Three Reason for Change; David
In 2017, David and his family came to see me. His father was very frustrated and said, “You are the tenth counselor we’ve seen. This is your last chance to help my son!”
I assured him that I will do my best. After speaking with David alone for some time, he told me about Emily, a childhood friend who died in an accident seven years ago. They were very close, best friends since they were 5. Everyone said they would be together when they were older. David’s family is all bordering on obesity, and since her death, David’s weight has increased steadily and is now affecting his health. His grades are beginning to decline, and he spends most of his time alone in his room.
The first time I spoke with David, I asked him, “Why did you come to see me?”
“I’m depressed and overweight, and my parents don’t know what to do with me.” he looked at my feet while he spoke.
I smiled and said, “Is that what you’ve heard your parents say why you’re here?”
He looked up finally, giving me a sheepish smile. “I guess.”
“Why do you think you are here?”
He took his time to answer.
“Everyone tells me that I need to lose weight. And I know I need to. My knee always hurts, and it’s hard to get around now.”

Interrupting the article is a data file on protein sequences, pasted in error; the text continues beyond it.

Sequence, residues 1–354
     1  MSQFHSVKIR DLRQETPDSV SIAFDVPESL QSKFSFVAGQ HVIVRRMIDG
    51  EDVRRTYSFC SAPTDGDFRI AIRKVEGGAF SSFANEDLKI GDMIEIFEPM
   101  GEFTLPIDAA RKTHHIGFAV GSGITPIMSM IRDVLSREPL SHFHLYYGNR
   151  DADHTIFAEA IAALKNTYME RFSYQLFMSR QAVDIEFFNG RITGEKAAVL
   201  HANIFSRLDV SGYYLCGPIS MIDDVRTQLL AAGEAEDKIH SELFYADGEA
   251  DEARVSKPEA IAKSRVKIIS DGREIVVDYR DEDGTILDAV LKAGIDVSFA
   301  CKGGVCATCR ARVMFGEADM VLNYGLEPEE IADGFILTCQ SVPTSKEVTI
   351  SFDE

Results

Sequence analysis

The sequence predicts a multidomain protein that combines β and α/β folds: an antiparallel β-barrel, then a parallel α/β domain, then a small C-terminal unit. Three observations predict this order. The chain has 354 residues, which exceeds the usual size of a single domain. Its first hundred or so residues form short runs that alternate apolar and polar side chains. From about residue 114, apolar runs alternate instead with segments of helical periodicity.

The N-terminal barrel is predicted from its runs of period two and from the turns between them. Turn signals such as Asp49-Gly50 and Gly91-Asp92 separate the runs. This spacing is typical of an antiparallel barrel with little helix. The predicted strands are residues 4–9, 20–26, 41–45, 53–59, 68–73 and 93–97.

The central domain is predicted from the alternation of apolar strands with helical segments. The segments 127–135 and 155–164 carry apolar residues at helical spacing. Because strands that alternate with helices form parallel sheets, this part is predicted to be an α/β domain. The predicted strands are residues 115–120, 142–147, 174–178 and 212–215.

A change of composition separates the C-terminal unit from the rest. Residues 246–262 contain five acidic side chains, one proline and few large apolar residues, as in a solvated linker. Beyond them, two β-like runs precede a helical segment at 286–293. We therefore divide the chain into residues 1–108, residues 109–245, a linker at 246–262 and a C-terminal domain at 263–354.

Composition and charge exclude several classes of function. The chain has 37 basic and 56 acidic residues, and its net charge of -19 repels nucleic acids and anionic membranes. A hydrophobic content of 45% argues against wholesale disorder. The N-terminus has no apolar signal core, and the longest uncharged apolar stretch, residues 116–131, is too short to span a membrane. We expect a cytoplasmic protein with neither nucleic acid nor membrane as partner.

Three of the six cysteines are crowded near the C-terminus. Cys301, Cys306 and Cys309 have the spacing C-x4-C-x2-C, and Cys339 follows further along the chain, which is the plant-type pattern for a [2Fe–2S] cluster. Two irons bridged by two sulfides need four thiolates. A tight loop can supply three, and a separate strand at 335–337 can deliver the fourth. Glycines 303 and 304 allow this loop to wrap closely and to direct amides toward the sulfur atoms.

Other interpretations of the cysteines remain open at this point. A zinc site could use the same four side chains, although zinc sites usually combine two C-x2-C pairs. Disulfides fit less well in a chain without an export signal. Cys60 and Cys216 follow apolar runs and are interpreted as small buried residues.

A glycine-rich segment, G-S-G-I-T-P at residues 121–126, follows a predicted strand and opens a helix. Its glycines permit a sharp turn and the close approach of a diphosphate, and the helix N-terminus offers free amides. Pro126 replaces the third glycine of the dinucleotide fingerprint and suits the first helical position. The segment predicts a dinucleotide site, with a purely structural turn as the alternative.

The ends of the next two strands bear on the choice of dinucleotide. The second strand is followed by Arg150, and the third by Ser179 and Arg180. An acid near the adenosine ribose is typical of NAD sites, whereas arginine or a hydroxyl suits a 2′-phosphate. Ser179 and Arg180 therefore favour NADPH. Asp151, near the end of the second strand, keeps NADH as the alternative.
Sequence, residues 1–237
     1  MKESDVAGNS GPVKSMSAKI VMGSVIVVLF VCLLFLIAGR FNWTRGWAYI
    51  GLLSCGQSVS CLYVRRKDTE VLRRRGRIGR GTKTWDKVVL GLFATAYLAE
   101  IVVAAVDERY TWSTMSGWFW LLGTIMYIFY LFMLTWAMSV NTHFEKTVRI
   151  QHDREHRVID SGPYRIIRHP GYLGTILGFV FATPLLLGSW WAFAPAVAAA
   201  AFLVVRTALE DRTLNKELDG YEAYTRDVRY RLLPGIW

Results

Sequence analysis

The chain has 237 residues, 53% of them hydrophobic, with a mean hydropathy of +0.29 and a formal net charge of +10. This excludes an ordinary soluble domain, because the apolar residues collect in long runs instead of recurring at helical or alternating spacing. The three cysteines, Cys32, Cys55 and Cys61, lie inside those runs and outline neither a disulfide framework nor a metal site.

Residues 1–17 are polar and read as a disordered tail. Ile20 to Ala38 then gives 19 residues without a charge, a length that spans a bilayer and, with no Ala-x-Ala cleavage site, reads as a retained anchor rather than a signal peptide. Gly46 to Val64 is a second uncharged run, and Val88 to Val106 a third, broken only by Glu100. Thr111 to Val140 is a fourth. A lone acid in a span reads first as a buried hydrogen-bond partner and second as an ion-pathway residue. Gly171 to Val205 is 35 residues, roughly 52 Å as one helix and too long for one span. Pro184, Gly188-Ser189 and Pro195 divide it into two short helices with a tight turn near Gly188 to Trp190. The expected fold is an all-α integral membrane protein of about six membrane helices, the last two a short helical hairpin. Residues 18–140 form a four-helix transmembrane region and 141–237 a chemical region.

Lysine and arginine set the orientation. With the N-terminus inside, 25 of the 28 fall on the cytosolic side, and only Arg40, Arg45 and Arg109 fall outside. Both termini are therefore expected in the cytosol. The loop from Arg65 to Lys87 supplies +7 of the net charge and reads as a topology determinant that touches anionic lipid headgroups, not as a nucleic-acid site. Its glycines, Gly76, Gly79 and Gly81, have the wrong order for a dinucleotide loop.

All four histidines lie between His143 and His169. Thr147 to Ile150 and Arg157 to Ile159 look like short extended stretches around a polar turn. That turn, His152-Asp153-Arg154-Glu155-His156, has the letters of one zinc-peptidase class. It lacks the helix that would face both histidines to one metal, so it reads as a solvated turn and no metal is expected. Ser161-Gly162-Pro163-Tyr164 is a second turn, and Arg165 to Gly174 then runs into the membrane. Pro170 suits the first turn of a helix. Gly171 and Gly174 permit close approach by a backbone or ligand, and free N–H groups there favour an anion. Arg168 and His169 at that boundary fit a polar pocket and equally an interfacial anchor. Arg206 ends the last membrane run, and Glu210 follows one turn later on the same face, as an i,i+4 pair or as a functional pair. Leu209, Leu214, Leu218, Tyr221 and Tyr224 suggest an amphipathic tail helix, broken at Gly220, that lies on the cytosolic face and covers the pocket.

“What’s stopping you?”
“What do you mean?”
“You say you know you need to lose weight, but you’re not doing it. Why?”
Again he takes some time to answer, “I miss Emily. I think about her all the time still. I miss her.”
David never got over the loss of his childhood friend, Emily. For years he slowly withdrew into depression, losing interest in his school, friends, and hobbies. He became so lost in his own depression that he did not know how to get out. People told him what he needed to do, but he did not have the desire himself.
“The next time we meet, I want you to give me three reasons why you think you need to lose weight.” I made sure he was looking right at me. “Not what you think I want to hear, not what you think your parents want to hear. Tell me what David wants. Why does David want to change.”
The next time I saw him, he looked up at me and said, “I want to lose weight!”
“That’s great! Why?”
“My health for sure. I think if I can lose one hundred pounds, my knees won’t hurt so much.”
“That’s a very good reason. What’s another?”